Therefore there is a need for a coreless tissue product roll which easily fits over conventional dispensing spindles and which does not significantly degrade the properties of the last few sheets on the roll so they are still usable.
SUMMARY OF THE INVENTION
 It has now been discovered that coreless rolled tissue products, such as bath tissue and paper towels, can be made with a conventionally-sized hole without the need for using sheet-stiffening chemicals which adversely impact the properties of the last sheets on the roll. As a result, all of the sheets on the roll can be used by the consumer. Properties of the sheets that are unaffected by the present invention include sheet bulk, softness, tensile strength, absorbency, and the like. These products can be produced using specially-modified coreless winding mandrels which are designed to replace the winding mandrels commonly used for winding cored tissue product rolls. As a result, coreless products can be produced using existing winders by simply substituting the coreless winding mandrels of this invention for the conventional mandrels.
 Hence in one aspect, the invention resides in a coreless roll of tissue comprising a plurality of windings emanating from an axially-oriented central open area and terminating on the outside of the roll, wherein two or more consecutive windings closest to the central open area have registered perforations.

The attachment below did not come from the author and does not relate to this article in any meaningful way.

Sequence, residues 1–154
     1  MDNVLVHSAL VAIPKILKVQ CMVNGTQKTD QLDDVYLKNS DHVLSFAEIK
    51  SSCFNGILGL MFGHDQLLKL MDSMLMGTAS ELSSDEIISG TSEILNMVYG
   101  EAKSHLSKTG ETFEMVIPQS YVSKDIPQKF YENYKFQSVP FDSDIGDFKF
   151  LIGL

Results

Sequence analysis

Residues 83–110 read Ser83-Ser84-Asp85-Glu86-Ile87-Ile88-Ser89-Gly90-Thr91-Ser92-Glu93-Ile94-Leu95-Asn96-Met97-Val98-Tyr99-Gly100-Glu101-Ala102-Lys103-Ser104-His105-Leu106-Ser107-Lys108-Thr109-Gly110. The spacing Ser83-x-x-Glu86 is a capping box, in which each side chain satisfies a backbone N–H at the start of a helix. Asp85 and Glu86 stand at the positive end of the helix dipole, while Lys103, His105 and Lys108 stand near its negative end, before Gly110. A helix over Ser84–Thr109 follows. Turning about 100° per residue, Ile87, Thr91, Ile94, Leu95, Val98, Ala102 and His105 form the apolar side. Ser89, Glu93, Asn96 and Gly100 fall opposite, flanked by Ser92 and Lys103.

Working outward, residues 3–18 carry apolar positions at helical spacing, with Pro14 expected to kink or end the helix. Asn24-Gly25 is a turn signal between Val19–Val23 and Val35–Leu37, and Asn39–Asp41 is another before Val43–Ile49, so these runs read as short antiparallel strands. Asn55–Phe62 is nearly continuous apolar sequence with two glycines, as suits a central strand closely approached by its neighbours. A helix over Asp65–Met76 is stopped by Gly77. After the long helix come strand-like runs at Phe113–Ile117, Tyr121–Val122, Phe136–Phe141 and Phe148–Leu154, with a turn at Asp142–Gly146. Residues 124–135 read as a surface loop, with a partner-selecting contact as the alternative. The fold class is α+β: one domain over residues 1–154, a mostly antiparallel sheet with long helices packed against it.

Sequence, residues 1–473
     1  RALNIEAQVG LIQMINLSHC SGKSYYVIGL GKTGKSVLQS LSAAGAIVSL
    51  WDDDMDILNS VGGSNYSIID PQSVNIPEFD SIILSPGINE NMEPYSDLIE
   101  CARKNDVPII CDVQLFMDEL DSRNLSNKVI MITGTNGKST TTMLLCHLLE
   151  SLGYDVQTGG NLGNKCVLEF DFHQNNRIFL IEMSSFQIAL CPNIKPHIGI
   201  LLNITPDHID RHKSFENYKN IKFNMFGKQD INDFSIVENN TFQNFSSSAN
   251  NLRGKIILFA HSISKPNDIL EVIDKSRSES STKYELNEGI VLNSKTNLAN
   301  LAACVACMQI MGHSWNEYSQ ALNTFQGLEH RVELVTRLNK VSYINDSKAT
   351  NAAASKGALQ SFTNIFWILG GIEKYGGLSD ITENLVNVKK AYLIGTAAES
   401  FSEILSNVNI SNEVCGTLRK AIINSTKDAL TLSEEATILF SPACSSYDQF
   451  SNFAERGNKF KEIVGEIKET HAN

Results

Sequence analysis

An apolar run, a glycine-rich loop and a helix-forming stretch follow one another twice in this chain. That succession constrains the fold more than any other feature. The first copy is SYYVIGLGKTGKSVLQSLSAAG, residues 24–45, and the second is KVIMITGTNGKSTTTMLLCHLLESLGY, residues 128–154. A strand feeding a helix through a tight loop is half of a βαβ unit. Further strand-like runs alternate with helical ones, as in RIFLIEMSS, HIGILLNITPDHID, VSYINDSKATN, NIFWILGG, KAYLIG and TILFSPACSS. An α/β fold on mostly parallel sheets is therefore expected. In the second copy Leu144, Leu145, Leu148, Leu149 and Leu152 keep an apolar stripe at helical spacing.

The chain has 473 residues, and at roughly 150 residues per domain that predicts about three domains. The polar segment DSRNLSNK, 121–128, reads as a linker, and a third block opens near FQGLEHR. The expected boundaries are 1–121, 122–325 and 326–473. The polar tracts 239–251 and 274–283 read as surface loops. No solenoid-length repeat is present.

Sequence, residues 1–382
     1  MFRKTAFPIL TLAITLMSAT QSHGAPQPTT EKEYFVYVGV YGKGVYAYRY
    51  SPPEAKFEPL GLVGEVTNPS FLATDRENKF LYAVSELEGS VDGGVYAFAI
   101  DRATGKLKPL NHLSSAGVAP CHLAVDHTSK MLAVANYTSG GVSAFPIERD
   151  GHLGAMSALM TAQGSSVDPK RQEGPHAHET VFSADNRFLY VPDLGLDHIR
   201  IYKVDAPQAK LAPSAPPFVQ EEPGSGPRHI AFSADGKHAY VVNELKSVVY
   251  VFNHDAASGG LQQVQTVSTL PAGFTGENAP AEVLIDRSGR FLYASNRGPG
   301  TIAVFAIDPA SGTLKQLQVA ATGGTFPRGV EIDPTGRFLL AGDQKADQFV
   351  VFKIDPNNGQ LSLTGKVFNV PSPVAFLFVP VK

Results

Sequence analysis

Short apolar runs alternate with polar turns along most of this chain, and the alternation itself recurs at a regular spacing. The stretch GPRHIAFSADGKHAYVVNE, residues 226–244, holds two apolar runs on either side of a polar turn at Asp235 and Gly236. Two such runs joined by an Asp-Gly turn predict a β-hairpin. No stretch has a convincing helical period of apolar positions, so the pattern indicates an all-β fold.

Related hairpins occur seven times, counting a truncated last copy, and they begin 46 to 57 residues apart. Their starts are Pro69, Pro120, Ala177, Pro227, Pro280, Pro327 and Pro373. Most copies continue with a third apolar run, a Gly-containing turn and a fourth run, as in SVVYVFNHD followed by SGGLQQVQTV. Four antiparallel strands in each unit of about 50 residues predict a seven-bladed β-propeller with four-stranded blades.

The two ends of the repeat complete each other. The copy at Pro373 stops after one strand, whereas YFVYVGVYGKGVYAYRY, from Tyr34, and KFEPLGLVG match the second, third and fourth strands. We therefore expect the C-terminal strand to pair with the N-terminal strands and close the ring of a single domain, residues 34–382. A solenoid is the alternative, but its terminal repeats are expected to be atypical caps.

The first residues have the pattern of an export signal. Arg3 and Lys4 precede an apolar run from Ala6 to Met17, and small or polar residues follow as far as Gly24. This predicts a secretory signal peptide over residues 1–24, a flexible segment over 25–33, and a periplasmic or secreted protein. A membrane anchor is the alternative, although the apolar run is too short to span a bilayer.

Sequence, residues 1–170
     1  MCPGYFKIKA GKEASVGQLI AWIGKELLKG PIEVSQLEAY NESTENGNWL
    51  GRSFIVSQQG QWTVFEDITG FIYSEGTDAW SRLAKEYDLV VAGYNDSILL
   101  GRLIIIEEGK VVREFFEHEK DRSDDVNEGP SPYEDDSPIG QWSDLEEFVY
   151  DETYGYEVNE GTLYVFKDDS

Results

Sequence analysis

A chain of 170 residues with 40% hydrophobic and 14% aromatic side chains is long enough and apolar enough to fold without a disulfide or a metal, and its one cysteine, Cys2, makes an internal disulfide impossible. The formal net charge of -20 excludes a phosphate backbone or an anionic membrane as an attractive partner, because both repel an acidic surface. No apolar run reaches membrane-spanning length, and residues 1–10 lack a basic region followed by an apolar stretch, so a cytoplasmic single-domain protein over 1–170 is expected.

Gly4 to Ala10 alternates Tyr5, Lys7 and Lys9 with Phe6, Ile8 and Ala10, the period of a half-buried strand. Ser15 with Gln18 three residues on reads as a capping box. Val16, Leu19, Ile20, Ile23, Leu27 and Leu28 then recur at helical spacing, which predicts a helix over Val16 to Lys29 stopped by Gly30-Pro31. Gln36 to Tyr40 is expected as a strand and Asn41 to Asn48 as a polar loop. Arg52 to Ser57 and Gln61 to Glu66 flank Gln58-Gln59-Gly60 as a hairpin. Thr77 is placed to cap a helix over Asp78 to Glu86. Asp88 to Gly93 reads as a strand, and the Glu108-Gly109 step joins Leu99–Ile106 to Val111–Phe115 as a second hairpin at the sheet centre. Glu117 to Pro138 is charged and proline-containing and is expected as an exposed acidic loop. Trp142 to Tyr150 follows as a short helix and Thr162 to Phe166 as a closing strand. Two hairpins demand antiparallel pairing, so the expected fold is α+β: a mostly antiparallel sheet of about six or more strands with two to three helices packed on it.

In another aspect, the invention resides in a method of winding a length of a tissue web onto a mandrel to form a coreless roll of tissue, said method comprising: (a) providing a rotating mandrel with retractable pins, said pins being extended from the surface of the mandrel; (b) bringing the tissue web into contact with the mandrel, whereby the tissue web is perforated by the extended pins; (c) winding the tissue web around the mandrel, such that the pins perforate two or more windings of the resulting roll of tissue, thereby forming a soft core; (d) retracting the pins within the mandrel; and (e) removing the resulting wound roll from the mandrel.
 In another aspect, the invention resides in a coreless winding mandrel comprising retractable "pins" (hereinafter described).